Does our mental health as teenagers determine our entry into parenthood? Yes, and no

Posted on September 10, 2015

The effects of parenthood on mental health are complex, but a new study published in Health Sociology Review reveals a different angle to the relationship: how a person's mental health at 16 influences whether or not he or she becomes a parent, as well as whether or not parenthood has an effect on that mental health going forward.

To explore the 'selection effect' first, Sara Kalucza and her colleagues from Umea University in Sweden studied data from the 1000 individuals included in the 'Northern Swedish Cohort' dataset. They examined in detail the information taken at the ages of 16, 18, 21, 30 and 43 as well as various aspects of their subjects' lives and self-reported mental health.

What they discovered was that men who reported health problems at the age of 16 had a lower probability of becoming fathers than men who did not report the same issues; this 'selection effect' remained the same even when 'family variables' like parental social class or siblings were taken into account. For women, the picture was different: their self-reported mental health at 16 did not affect their entry into parenthood, although other factors, like having many siblings themselves, did.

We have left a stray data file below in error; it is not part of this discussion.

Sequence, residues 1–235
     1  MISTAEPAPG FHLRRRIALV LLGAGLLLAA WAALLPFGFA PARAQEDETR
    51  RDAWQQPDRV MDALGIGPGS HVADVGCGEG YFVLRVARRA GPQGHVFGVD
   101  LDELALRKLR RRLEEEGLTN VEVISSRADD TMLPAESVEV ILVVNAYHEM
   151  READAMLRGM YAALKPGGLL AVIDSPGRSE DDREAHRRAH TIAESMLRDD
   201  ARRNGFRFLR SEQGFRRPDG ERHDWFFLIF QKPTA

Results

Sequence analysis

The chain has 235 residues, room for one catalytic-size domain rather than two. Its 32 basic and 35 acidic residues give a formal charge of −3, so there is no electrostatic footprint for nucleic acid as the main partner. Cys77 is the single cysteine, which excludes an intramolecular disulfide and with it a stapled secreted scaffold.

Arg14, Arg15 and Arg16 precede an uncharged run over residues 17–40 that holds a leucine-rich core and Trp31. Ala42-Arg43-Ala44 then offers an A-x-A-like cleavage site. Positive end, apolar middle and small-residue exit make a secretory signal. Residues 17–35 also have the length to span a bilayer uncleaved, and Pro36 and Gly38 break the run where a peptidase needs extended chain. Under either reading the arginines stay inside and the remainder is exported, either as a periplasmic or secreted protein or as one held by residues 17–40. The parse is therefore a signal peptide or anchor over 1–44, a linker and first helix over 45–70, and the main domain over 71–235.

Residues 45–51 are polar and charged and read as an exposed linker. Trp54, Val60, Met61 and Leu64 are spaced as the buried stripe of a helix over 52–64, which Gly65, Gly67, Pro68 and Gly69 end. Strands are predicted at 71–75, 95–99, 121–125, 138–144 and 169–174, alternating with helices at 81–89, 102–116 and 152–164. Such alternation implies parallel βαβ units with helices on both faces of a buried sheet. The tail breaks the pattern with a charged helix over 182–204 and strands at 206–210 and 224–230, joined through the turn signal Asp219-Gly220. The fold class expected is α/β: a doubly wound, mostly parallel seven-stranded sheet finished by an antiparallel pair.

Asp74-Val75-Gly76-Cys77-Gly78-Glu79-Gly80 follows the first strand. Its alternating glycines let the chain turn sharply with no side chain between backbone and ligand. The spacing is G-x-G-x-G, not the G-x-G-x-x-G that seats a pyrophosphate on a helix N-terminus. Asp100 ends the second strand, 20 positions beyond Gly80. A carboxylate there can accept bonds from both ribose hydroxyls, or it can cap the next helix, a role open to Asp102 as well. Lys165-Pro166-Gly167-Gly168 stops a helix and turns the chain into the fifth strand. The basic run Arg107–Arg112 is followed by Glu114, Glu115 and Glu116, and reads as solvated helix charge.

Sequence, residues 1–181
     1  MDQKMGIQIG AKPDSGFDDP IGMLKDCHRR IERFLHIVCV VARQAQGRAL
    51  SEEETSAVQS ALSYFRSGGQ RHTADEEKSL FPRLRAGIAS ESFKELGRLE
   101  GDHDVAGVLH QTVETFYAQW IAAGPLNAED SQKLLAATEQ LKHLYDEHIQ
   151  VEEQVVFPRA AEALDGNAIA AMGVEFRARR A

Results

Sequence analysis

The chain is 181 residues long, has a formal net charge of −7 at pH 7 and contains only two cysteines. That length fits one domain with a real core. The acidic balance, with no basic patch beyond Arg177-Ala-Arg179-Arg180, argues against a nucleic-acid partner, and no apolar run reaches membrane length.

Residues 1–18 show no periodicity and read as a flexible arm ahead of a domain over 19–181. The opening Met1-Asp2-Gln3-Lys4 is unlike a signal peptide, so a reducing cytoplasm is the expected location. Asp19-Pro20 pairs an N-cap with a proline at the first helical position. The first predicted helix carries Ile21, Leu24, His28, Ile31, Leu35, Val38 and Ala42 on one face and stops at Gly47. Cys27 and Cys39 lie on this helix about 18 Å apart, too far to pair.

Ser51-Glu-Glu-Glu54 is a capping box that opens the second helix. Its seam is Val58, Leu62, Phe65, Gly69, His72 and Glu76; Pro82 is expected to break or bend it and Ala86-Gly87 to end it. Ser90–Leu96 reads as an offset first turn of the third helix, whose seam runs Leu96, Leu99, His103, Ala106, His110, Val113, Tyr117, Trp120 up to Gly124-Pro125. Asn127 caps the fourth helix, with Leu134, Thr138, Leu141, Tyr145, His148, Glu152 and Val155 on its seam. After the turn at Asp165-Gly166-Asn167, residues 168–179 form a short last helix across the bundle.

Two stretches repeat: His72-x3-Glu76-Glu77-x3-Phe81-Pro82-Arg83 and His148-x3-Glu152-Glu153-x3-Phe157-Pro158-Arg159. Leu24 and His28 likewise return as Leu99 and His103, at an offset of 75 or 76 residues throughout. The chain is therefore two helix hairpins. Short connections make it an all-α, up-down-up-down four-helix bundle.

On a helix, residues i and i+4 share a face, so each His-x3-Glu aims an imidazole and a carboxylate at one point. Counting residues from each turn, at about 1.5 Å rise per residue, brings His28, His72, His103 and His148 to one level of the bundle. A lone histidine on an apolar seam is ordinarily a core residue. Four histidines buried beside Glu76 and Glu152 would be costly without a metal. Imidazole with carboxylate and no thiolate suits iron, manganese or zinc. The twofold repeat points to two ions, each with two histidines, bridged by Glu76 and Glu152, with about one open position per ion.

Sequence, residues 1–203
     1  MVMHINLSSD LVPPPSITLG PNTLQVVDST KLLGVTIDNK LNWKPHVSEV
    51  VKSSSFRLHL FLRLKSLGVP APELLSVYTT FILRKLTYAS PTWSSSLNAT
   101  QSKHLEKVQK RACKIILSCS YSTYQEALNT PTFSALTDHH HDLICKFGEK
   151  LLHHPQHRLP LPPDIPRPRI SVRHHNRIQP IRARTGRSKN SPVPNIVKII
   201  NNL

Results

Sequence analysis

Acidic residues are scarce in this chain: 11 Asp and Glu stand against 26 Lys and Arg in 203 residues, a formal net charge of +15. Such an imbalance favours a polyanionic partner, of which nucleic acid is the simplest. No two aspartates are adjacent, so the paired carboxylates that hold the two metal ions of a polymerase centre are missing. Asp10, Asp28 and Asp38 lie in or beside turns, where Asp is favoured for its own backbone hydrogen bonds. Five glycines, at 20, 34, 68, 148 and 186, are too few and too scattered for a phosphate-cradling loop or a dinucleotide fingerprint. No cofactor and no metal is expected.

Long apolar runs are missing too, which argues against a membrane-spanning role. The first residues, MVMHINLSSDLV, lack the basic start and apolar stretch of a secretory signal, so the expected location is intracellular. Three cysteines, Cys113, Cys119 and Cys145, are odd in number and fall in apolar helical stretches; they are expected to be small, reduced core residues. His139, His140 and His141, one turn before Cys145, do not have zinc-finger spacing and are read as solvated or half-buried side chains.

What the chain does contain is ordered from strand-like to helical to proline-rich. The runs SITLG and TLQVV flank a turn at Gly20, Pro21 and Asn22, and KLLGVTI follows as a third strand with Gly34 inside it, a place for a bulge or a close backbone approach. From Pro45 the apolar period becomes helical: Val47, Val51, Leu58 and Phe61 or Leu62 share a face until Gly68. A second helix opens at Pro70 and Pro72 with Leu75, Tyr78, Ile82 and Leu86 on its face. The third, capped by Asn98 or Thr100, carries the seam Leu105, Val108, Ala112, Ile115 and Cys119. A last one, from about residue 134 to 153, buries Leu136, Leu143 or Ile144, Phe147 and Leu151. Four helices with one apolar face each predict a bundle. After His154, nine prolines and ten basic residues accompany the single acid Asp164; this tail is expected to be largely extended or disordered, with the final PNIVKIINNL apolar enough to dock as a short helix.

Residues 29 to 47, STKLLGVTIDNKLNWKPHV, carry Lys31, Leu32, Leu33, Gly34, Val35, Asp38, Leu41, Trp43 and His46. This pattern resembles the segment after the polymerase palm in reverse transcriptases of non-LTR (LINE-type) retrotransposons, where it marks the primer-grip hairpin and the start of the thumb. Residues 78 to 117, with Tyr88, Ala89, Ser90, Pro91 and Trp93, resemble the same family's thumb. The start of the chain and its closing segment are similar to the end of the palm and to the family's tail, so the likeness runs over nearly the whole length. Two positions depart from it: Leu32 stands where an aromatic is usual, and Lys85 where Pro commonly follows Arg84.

As part of their study, Kalucza and her colleagues also wanted to know what effect parenthood had on the mental health of parents when their mental health before becoming parents was taken into account. As with the first question they explored, the effects were not the same for men and women. On average, they found, men had better mental health than women. But in terms of the relationship between mental health and parenting, they conclude that women benefit from becoming parents, but men, "for whom there is a selection of healthy men into parenthood, do not necessarily become healthier from becoming a parent".

The authors were particularly intrigued by what they call the "lack of negative relationships between parenthood and subsequent mental health in a Scandinavian context". They suggest their observation could indicate that being a parent in a country with a strong welfare system, paid parental leave and high-quality childcare has different implications for parental mental health compared to the situation in a country like the United States. An exploration of that particular angle, as well as more general explorations of the relationship between mental health and parenting, are needed to draw further conclusions.

Category(s):Mental Health in Asia, Oppositional & Defiant Behavior in Children & Teens, Parenting, Teenage Issues

Source material from Source: Medical News Today